The International E-Sports Federation (IESF), an organisation that promotes computer games as sport and organises tournaments around the world, has decided it will no longer operate separate contests for men and women.
Instead, the outfit has abolished its male division in favour of an “Open for All” division and a “Female” division. “Open for All” contests are open to men and women. “Female” contests are only open to women.
The organisation reached the decision after being criticised for sanctioning a men-onlyHearthstone tournament. Its explanation for the change contains some interesting logic:
The IeSF Board addressed its reason for maintaining events for women, citing the importance of providing female gamers with ample opportunities to compete in e-Sports—currently a male-dominated industry. Female gamers make up half of the world’s gaming population, but only a small percentage of e-Sports competitors are women.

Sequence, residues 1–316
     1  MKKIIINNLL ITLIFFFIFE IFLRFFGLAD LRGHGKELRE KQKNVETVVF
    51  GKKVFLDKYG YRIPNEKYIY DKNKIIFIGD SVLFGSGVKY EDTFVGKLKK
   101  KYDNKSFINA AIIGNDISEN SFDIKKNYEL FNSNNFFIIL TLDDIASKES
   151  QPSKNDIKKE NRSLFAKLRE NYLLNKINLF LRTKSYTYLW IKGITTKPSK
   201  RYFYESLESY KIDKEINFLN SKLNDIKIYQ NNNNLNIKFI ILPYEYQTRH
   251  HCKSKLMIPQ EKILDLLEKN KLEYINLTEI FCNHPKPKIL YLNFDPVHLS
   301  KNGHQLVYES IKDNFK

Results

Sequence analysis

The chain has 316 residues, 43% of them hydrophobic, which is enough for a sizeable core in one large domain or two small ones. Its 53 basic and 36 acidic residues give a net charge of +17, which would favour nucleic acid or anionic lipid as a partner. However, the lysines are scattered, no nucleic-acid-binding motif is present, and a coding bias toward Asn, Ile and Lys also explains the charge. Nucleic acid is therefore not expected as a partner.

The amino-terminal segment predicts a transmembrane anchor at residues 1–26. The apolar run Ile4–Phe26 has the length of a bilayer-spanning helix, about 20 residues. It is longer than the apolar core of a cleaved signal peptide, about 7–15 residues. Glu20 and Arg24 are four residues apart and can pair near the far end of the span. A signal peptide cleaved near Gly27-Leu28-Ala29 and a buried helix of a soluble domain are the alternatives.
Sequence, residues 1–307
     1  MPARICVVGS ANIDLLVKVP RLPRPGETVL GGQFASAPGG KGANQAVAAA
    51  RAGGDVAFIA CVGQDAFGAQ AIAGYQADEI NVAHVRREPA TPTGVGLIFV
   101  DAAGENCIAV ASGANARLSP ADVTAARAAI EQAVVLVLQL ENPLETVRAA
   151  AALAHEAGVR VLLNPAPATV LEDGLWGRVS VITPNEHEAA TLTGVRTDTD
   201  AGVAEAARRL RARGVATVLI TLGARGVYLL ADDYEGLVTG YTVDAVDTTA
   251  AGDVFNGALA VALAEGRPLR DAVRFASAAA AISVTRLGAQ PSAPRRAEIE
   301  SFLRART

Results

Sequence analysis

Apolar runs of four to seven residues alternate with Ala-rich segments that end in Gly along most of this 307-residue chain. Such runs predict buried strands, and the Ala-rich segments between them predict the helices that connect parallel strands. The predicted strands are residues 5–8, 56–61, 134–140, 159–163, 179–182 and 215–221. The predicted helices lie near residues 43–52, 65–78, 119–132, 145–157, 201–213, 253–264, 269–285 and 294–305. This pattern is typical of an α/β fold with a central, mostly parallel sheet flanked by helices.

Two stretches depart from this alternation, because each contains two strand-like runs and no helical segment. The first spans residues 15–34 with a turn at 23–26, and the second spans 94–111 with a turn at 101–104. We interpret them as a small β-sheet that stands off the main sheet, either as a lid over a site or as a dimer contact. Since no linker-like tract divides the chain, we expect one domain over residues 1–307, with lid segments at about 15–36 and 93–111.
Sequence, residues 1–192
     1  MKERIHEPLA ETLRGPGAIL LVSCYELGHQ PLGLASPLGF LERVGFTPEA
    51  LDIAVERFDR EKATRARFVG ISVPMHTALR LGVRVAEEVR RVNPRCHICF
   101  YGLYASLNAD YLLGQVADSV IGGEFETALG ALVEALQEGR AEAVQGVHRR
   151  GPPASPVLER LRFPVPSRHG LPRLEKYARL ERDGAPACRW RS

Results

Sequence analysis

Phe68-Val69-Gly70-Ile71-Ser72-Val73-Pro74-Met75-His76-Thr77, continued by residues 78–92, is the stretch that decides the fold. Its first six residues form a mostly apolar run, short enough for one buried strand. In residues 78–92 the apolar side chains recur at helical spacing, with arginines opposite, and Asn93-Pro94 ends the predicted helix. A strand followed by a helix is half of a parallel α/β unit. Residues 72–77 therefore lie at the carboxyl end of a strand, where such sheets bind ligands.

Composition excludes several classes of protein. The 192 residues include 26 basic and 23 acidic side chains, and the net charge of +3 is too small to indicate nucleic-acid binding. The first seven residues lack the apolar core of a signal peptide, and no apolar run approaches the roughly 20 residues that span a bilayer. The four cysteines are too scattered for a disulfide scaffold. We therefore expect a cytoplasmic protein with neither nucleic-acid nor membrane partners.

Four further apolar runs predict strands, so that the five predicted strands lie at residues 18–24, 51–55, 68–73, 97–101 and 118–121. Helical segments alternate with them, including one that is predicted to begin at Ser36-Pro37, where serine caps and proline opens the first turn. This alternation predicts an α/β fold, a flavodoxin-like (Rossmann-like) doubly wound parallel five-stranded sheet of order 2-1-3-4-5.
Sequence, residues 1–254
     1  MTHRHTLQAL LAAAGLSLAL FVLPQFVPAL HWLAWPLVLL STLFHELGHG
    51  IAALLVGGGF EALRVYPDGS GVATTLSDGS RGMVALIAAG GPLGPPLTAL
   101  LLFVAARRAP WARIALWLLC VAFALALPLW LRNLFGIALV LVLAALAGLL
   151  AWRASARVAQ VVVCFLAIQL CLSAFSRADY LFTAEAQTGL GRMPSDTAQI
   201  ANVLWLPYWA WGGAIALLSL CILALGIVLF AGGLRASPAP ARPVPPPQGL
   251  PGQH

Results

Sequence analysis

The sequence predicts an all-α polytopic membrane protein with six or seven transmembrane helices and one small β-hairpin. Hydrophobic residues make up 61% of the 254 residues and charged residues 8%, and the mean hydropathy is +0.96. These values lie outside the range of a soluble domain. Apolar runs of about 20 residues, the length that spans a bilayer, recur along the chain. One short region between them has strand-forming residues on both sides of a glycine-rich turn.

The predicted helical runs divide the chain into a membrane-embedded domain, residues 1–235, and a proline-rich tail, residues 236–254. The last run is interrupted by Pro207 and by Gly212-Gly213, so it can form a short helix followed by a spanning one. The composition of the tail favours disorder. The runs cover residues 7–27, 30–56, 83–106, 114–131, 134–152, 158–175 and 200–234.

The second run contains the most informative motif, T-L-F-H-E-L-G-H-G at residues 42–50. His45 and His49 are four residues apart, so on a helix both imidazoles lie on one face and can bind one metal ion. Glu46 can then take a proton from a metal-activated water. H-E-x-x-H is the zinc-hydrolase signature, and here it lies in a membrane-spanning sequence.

“The IeSF’s female-only competitions aim to bring more diversity to competitive play by improving the representation of women at these events,” the statement continued. “Without efforts to improve representation, e-Sports can’t achieve true gender equality.”
It seems entirely possible to read the above as suggesting that men-only tournaments helped women, and that women-only tournaments do too. Whatever the odd subtexts, women are now welcome at any IESF events, including the 6th e-Sports World Championship BAKU 2014 scheduled for November.